A fascinating New Yorker piece — subtitled “Who listens to a President?” — about the limits, and even potential drawbacks, of even the most finely shaped rhetoric amid our two-party system.
Groupon Managing Editor Brandon Copple, formerly the managing editor at Crain’s Chicago Business, talks about the Google-resisting company’s focus on writing: “There’s nobody out there putting as much muscle and intellectual power into their editorial." Yep, editorial — Copple doesn’t talk about ‘ad copy’ or even 'copywriting.' I Tweeted a while back about reading Groupon’s entertaining and informative ”Voice Guide“ for its writers, which makes clear how much the company cares about the content in those many thousands of emails. This interview’s brief, but it reenforces the larger trend evident every day of marketing becoming more like publishing, with communications professionals thinking more like editorial directors, packaging and sending original content out to … yes, they’re often still called subscribers.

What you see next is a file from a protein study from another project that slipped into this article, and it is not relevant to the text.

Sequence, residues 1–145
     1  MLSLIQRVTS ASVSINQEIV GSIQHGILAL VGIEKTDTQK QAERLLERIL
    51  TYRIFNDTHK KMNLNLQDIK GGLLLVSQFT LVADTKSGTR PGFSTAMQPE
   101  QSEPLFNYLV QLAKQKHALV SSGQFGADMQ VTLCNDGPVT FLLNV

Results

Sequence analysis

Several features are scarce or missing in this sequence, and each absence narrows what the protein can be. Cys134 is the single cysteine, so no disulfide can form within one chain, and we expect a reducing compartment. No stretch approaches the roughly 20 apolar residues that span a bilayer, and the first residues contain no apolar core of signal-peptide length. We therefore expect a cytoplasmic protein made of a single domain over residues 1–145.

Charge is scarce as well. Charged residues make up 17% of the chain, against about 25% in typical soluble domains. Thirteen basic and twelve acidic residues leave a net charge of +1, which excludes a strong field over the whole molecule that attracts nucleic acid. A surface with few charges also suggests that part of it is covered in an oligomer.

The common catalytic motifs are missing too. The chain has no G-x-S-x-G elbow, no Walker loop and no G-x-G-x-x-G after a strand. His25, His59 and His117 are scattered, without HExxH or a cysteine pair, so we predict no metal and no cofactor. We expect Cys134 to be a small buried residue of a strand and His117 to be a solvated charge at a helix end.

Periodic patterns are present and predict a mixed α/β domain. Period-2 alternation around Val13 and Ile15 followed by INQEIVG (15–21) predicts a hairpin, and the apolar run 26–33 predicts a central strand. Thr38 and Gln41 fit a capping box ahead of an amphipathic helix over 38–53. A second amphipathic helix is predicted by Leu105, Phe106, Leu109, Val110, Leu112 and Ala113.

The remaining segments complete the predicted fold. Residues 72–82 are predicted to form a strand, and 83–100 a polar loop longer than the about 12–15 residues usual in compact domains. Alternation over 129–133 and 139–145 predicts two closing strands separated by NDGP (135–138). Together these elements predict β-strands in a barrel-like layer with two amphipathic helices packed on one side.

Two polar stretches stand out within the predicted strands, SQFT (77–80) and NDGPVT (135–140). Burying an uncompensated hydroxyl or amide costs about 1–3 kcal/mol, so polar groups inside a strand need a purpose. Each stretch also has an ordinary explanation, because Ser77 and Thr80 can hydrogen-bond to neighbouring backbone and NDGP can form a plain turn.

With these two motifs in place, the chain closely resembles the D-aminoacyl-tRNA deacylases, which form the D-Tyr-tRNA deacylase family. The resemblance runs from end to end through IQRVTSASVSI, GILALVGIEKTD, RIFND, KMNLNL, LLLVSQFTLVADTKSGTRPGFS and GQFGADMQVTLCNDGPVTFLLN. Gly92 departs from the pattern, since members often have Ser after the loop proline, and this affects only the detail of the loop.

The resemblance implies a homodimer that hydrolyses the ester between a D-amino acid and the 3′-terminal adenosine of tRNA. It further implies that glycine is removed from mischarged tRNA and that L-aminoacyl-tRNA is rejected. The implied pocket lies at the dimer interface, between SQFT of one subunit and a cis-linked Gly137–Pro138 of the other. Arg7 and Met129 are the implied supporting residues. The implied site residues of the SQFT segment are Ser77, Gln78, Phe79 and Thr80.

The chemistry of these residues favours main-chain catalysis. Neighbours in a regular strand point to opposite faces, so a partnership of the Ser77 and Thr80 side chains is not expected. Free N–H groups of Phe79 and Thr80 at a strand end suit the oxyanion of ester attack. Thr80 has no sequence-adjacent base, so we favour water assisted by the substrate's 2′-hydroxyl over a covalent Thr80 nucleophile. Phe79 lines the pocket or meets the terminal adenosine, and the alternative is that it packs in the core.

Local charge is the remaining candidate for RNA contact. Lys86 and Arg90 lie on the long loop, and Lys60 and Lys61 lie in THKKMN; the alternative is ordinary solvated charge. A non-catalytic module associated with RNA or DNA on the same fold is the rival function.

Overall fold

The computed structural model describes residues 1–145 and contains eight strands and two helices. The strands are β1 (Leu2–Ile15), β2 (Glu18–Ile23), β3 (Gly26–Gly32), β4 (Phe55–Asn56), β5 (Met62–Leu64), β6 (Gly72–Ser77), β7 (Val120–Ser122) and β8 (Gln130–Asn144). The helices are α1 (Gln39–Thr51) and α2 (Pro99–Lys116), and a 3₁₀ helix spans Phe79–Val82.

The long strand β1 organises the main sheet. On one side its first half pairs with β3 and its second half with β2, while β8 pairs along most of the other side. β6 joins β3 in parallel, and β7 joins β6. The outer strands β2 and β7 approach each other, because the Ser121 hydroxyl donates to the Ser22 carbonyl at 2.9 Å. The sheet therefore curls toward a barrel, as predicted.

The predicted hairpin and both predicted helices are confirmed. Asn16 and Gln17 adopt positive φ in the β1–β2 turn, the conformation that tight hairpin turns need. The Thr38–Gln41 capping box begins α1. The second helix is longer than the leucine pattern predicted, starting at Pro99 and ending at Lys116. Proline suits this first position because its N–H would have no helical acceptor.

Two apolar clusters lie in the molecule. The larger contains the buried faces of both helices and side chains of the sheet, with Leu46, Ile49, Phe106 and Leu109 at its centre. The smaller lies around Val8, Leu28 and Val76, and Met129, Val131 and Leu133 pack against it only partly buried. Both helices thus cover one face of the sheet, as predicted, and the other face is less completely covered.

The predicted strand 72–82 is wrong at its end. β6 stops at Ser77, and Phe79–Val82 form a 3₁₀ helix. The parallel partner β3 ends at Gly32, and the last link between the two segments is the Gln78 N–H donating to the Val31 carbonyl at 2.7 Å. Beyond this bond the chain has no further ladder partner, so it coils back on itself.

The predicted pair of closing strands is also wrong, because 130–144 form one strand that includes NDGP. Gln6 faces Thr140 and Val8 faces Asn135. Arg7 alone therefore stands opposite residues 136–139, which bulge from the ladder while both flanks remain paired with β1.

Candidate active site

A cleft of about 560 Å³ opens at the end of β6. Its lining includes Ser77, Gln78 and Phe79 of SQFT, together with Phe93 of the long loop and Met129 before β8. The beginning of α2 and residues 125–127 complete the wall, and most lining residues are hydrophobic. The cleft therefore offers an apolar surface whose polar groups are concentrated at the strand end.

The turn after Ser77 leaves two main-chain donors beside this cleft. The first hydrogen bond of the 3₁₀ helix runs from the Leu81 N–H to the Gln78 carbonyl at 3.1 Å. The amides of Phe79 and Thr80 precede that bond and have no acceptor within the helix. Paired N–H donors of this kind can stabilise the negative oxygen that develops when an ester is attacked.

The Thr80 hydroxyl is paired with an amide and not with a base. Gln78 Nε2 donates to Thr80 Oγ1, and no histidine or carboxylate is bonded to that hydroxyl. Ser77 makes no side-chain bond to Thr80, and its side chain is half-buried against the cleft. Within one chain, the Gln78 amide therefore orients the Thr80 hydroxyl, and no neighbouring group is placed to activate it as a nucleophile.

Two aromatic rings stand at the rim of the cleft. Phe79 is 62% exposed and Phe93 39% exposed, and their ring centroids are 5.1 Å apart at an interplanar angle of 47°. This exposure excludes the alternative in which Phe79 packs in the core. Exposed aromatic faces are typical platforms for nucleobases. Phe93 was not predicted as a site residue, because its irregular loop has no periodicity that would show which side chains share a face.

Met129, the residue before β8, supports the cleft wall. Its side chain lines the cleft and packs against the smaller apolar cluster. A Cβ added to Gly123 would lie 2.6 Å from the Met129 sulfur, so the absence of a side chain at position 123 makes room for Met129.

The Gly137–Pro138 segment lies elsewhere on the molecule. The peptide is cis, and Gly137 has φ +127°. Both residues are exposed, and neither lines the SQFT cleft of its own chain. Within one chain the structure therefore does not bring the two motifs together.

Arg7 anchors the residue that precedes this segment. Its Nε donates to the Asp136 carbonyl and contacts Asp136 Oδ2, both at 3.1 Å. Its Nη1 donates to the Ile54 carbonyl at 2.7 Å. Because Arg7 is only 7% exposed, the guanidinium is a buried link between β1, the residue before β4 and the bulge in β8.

Some sharp work from some respected designers. Free for paid accounts.
A smart piece by Oliver Reichenstein at Information Architects.
In this NYT piece, the founder and chief executive of Backup My Info! writes of realizing that she does in fact need a P.R. company to help gain media coverage. When she states that “we have an excellent story to tell” — no doubt true — I couldn’t help but think it’s a missed opportunity to focus solely on P.R. Why not invest in generating compelling content from within, like say, Backblaze or Dropbox (to take two examples in the back-up space)? Launch a blog and feed it well. Tell your own story.
Walzer sounds excited about the company’s ultimate decision to hire a P.R. shop called Springboard, and I wish them both success. I would have been concerned, though, by how Springboard itself is communicating on the web. On my visit today, their company blog was a 404 dead-end, and their last post on Tumblr was from September 2008.
A candid, compelling blog post.